The pattern of abuse is unnervingly consistent. In an abusive relationship the damage is aimed at the person’s self esteem and anything qualifies as their support network. Finances and sex are tools of manipulation and conflict resolution is impossible.

We began our support group on Thursday nights in the summer of 1988. We all agreed that it was a closed group after the second session which meant that no new members could join. We also contracted that the group would exist for fourteen weeks. There were ten women none of whom knew each other, all of whom were tired, unhappy, and feeling inadequate. They all just hoped that something might help.

No one could go to their husband and say they intended to go to a support group for emotionally abused women. Everyone stayed but it required a huge effort to do so. Some told their husbands they were attending baking courses, others said it was flower arranging or sewing classes, and one even claimed to be doing music appreciation. She spent hours in the library learning about symphonies in case she was questioned. On Thursdays they had flowers, cakes and cookies delivered to the house so that after the group they could take home the evidence of their labours. We even messed flour on the clothes of those who said they had been baking. The laughter helped diminish the shame and every successful attendance empowered the women each week.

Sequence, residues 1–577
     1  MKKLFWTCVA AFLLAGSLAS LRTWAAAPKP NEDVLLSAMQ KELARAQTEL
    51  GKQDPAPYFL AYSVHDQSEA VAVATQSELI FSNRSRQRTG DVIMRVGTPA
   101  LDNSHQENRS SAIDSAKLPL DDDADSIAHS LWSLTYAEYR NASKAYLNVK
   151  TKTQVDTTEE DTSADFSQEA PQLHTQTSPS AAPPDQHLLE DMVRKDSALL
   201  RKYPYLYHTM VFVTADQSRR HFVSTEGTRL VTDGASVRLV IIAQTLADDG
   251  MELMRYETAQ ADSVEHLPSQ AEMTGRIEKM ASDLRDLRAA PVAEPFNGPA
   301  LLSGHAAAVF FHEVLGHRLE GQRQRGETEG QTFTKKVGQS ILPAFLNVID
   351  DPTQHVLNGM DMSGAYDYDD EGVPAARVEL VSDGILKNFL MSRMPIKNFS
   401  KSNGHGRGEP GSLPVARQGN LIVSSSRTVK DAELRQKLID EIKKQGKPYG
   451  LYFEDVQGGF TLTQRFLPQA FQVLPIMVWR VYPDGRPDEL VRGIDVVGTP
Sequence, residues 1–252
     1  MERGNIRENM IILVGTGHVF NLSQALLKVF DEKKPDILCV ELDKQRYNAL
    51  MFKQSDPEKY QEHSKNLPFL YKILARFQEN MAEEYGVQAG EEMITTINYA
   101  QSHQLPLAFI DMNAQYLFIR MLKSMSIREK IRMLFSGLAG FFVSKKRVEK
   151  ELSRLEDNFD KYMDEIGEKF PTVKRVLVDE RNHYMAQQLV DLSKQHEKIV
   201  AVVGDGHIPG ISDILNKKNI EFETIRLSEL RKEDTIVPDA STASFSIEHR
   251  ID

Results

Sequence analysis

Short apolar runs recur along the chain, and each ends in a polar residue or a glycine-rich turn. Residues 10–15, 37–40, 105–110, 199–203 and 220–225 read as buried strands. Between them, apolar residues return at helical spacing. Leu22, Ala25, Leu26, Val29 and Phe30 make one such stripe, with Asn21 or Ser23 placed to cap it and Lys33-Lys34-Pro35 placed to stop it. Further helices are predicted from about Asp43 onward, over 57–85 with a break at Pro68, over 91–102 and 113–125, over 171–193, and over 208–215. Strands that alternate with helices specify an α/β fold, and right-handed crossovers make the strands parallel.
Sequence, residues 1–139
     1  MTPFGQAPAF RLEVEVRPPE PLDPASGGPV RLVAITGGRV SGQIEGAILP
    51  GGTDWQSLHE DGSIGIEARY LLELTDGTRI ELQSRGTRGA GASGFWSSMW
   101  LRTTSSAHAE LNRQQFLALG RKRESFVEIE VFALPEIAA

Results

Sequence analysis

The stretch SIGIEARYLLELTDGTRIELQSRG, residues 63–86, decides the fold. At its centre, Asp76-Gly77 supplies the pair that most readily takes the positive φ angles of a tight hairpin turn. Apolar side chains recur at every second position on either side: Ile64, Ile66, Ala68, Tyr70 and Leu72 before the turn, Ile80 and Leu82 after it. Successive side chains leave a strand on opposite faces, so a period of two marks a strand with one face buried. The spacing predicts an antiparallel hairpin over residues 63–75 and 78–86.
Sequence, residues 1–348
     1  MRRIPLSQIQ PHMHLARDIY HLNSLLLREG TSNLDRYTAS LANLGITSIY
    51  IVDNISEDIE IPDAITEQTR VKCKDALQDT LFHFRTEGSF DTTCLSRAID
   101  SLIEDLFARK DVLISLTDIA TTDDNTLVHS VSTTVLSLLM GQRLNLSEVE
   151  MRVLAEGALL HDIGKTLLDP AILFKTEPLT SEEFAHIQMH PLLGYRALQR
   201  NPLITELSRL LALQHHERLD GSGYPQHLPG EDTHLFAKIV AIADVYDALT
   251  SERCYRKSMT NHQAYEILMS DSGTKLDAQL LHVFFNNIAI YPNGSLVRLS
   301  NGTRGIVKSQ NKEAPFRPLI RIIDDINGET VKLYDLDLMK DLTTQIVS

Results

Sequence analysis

Six weeks later I received a call from a national radio station.

“I saw your ad and wondered if the support group ever started,” she asked.

I was reluctant to respond as the protection of the group was critical.

“Why?” I asked.

“If it has, would you all be prepared to be interviewed?”

I told her I would get back to her.

As a group we decided that I and one other person would speak on behalf of the group. The others were afraid their voices would be recognized. We left the studio thrilled with our performance and of course the group agreed with us. Part of us was disappointed that our anonymity was so diligently protected and we only had our small group to bask in our moment of glory.